California Bar Journal
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Play a role in your own rules
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Have you ever struggled to identify what rules and procedures apply in a particular court? Ever been frustrated by varying local court requirements for procedures or practices that you think ought to be uniform across the state? Ever found yourself thinking, "There ought to be a rule?"

You probably already know that the Judicial Council is responsible for adopting statewide rules of court administration, practice and procedure, as well as forms for use in court proceedings. But you may not realize that you can play a role in this work by:

Michael Bergeisen Making proposals for changes in council rules and forms;

Commenting on published proposals;

Serving on council advisory committees.

Those of you practicing in our courts know what is working and what is not, and how the rules and forms could be improved. We welcome your ideas.

Any member of the public can propose a new or amended rule or form. The council recently adopted rule 6.20, which explains the council's process for considering proposals to amend or adopt rules and forms. Each proposal is sent to the appropriate advisory committee, which evaluates it. If the committee agrees that a new or amended rule or form is needed, the proposal or a modified version of it is circulated for public comment by the council's rules and projects committee.

After the advisory committee reviews and analyzes the comments, it may present the proposal to the council for decision. From beginning to end, the process of amending or adopting a rule or form takes about nine months.

We also welcome your comments on proposed new or amended rules or forms that are being circulated for public comment. Twice a year, usually in the winter and summer, the council's rules and projects committee sends copies of proposals to the courts and other interested organizations for their comment. Any interested organization can obtain copies of these proposals or be included on our mailing list by contacting Stephanie Leonard at the Administrative Office of the Courts, 455 Golden Gate Ave., San Francisco 94102-3660; fax 415/865-4317. In addition, the proposals are posted on the California courts web site ( under "Invitations for Comment." All of the comments that are received are carefully considered by the appropriate advisory committee.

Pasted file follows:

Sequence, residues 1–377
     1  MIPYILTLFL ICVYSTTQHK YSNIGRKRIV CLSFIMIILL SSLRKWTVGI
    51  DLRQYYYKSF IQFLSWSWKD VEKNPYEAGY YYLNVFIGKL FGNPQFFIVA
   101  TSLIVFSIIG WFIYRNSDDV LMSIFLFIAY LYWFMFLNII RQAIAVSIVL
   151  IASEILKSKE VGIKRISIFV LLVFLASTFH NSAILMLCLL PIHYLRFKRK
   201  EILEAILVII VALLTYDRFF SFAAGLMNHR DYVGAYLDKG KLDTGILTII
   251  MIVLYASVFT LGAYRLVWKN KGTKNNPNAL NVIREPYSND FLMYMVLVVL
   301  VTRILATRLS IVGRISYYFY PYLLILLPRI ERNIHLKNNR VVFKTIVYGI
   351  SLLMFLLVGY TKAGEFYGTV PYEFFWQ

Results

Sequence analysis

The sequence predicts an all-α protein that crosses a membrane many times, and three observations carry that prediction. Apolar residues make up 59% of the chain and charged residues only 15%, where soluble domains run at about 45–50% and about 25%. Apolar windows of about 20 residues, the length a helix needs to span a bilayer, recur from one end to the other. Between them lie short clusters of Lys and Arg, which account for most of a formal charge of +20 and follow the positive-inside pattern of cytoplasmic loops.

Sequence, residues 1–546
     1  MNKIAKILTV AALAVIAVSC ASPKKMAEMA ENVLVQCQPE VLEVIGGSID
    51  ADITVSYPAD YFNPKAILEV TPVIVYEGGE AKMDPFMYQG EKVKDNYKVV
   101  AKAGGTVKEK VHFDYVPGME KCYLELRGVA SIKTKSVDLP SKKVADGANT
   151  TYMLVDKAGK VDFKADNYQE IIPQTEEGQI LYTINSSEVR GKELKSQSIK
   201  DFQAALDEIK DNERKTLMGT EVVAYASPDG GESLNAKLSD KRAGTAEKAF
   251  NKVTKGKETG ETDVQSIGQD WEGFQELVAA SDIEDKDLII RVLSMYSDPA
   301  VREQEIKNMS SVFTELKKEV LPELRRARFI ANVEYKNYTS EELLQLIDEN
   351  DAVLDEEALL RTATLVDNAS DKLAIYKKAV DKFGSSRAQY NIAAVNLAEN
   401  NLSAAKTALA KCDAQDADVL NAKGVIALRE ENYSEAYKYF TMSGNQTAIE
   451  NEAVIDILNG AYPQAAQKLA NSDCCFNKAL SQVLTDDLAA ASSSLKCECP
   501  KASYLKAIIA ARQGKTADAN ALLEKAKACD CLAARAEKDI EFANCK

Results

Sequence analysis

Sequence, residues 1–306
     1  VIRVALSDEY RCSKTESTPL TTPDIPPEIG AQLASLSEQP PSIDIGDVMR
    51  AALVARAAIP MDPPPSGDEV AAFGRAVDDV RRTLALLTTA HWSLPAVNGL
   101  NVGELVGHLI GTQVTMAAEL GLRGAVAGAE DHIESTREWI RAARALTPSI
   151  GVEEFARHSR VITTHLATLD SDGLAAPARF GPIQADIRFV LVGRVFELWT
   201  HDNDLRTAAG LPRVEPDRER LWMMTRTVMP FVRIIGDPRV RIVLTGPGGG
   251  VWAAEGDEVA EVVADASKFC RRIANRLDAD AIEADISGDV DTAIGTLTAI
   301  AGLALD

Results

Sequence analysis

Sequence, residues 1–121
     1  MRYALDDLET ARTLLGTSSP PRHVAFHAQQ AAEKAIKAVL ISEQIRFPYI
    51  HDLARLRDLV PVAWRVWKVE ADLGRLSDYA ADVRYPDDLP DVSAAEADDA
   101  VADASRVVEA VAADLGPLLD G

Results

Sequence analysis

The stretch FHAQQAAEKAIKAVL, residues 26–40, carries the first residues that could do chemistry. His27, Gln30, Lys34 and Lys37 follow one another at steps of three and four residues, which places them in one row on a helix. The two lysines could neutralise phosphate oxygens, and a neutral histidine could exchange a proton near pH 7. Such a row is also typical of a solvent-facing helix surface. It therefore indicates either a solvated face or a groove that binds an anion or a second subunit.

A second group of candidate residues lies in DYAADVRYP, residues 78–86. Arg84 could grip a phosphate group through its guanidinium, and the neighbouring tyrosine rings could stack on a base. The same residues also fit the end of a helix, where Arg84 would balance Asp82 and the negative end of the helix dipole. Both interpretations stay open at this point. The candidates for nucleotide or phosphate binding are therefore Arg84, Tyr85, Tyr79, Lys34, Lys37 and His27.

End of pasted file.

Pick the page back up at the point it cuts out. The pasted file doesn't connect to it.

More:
Not only can you submit or comment on suggested rule or form changes, but you can also serve on the Judicial Council advisory committees that initiate or review proposed changes in rules and forms and make recommendations to the council. The committees most often involved in rule and form changes include:

appellate advisory committee

civil and small claims advisory committee

criminal law advisory committee

family and juvenile law advisory committee; and

probate and mental health task force.

These advisory committees are composed of judges, court administrators, attorneys and others with experience and expertise in the relevant subject matter.

Nominations for these committee are sought from mid-April through the end of June and the chief justice makes appointments for three-year terms beginning Nov. 1 of each year.

Additional information and nomination forms can be obtained on the council's web site or by contacting the Administrative Office of the Courts, Secretariat and Conference Services Office.

So the next time you are tempted to grumble about those #!@! statewide or local rules of court, please remember you can make a difference and take advantage of these opportunities to participate in the rule-making process.

Michael Bergeisen is general counsel of the Judicial Council of California.